If your password is all letters in lowercase such as: abcdefgh or dfghpoiu or bnmiopty..etc. then you can use the following MASK:


It will crack all 8 Letter passwords in lowercase. I hope you now know where I am getting at.

Passwords – Lowercase letters and numbers

If you know your password is similar to this: a1b2c3d4 or p9o8i7u6 or n4j2k5l6 …etc. then you can use the following MASK:


Passwords – Uppercase letters and numbers

If you know your password is similar to this: A1B2C3D4 or P9O8I7U6 or N4J2K5L6 …etc. then you can use the following MASK:


Passwords – Mixed matched with uppercase, lowercase, number and special characters.

If you password is all random, then you can just use a MASK like the following:


Note: ?a represents anything …. I hope you’re getting the idea.

If you are absolutely not sure, you can just use any of the predefined MASKs file and leave it running. But yeah, come back to check in a million years for a really long password …. Using a dictionary attack might have more success in that scenario.

Passwords – when you know a few characters

If you somehow know the few characters in the password, this will make things a lot faster. For every known letter, you save immense amount of computing time. MASK’s allows you to combine this. Let’s say your 8 character password starts with abc, doesn’t contain any special characters. Then you can create a MASK rule file to contain the following:


There will be 125 combinations in this case. But it will surely break it in time. This is the true power of using cudaHashcat or oclHashcat or Hashcat on Kali Linux to break WPA2 WPA passwords.

You can even up your system if you know how a person combines a password. Some people always uses UPPERCASE as the first character in their passwords, few lowercase letters and finishes with numbers.

Example: Abcde123

Your mask will be:


This will make cracking significantly faster. Social engineering is the key here.

That’s enough with MASK’s. Now let’s capture some WPA2 WPA handshake files. Following WiFite section was taken from a previous guide Cracking Wifi WPA2 WPA passwords using pyrit cowpatty in Kali Linux which was one of the best guides about cracking Wifi passwords out there.

Capture handshake with WiFite

Why WiFite instead of other guides that uses Aircrack-ng? Because we don’t have to type in commands..

Type in the following command in your Kali Linux terminal:

wifite –wpa

You could also type in

wifite wpa2

If you want to see everything, (wep, wpa or wpa2, just type the following command. It doesn’t make any differences except few more minutes


Once you type in following is what you’ll see.



So, we can see bunch of Access Points (AP in short). Always try to go for the ones with CLIENTS because it’s just much faster. You can choose all or pick by numbers. See screen-shot below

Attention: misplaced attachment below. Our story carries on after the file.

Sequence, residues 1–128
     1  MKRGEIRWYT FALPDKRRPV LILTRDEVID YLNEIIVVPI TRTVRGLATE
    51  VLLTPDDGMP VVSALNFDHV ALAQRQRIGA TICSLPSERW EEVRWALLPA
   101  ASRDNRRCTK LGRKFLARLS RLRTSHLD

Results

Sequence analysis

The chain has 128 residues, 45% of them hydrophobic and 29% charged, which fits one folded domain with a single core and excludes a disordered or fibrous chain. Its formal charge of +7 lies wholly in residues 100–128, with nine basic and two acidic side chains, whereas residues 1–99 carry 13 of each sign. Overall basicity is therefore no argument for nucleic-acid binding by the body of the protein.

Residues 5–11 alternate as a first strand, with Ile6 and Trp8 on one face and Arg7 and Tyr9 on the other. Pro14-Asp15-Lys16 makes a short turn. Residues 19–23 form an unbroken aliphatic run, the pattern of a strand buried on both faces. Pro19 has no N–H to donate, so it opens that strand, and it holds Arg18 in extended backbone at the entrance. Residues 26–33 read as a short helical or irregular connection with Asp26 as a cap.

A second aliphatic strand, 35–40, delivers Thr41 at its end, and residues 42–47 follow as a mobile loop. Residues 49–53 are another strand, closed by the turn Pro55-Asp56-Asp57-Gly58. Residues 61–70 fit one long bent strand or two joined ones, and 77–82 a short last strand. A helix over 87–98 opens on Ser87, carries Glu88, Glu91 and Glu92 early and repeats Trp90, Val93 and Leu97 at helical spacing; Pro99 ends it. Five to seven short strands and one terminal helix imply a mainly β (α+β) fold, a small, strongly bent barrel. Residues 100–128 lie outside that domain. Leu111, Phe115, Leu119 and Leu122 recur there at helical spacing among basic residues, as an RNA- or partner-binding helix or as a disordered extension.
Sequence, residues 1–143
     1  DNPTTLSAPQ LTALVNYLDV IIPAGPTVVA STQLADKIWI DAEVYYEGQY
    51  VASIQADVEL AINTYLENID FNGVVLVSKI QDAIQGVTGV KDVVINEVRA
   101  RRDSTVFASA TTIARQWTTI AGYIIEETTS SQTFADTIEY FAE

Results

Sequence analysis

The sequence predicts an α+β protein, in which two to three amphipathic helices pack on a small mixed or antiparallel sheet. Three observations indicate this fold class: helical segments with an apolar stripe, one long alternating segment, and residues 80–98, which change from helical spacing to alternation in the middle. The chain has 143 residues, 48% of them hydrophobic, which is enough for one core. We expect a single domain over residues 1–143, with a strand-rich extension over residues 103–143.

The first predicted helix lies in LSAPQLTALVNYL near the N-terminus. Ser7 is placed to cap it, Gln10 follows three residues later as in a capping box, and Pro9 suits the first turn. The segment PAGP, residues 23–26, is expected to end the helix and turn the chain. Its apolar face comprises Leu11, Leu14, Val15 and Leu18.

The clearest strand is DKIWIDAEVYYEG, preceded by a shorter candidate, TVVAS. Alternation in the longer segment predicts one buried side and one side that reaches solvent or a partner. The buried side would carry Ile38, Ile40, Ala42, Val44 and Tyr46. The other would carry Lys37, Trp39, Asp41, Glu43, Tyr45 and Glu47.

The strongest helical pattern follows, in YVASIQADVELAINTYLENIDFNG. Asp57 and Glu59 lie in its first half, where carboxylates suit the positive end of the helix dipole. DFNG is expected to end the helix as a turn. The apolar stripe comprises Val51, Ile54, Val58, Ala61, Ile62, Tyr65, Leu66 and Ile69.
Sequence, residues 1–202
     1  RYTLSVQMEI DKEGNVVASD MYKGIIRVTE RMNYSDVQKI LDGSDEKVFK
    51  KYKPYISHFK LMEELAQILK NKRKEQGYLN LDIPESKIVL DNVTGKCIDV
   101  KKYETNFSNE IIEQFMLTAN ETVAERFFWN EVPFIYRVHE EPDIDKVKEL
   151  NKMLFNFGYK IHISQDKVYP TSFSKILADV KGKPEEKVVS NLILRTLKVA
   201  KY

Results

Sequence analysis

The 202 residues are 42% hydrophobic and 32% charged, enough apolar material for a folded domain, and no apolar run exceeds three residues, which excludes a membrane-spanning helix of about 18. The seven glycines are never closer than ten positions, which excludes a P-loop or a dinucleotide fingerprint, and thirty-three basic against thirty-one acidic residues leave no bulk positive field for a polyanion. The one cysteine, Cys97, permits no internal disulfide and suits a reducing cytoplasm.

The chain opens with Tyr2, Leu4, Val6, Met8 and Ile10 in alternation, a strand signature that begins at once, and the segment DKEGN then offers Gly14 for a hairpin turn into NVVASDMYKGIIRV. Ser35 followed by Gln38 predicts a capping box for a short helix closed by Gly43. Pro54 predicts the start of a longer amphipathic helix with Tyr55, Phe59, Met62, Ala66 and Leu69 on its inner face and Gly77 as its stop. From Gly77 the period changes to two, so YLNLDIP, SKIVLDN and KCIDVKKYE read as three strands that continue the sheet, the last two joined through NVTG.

Awesome, we’ve got few with clients attached. I will pick 1 and 2 cause they have the best signal strength. Try picking the ones with good signal strength. If you pick one with poor signal, you might be waiting a LONG time before you capture anything .. if anything at all.

So I’ve picked 1 and 2. Press Enter to let WiFite do it’s magic.



Once you press ENTER, following is what you will see. I got impatient as the number 1 choice wasn’t doing anything for a LONG time. So I pressed CTRL+C to quit out of it.

This is actually a great feature of WIfite. It now asks me,

What do you want to do?

  1. [c][/c]ontinue attacking targets
  2. [e]xit completely.

I can type in c to continue or e to exit. This is the feature I was talking about. I typed c to continue. What it does, it skips choice 1 and starts attacking choice 2. This is a great feature cause not all routers or AP’s or targets will respond to an attack the similar way. You could of course wait and eventually get a respond, but if you’re just after ANY AP’s, it just saves time.



And voila, took it only few seconds to capture a handshake. This AP had lots of clients and I managed to capture a handshake.

This handshake was saved in /root/hs/BigPond_58-98-35-E9-2B-8D.cap file.

Once the capture is complete and there’s no more AP’s to attack, Wifite will just quit and you get your prompt back.



Now that we have a capture file with handshake on it, we can do a few things.

Cleanup your cap file using wpaclean

Next step will be converting the .cap file to a format cudaHashcat or oclHashcat or Hashcat on Kali Linux will understand.

Here’s how to do it:

To convert your .cap files manually in Kali Linux, use the following command

wpaclean <out.cap> <in.cap>

Please note that the wpaclean options are the wrong way round. <out.cap> <in.cap> instead of <in.cap> <out.cap> which may cause some confusion.

In my case, the command is as follows: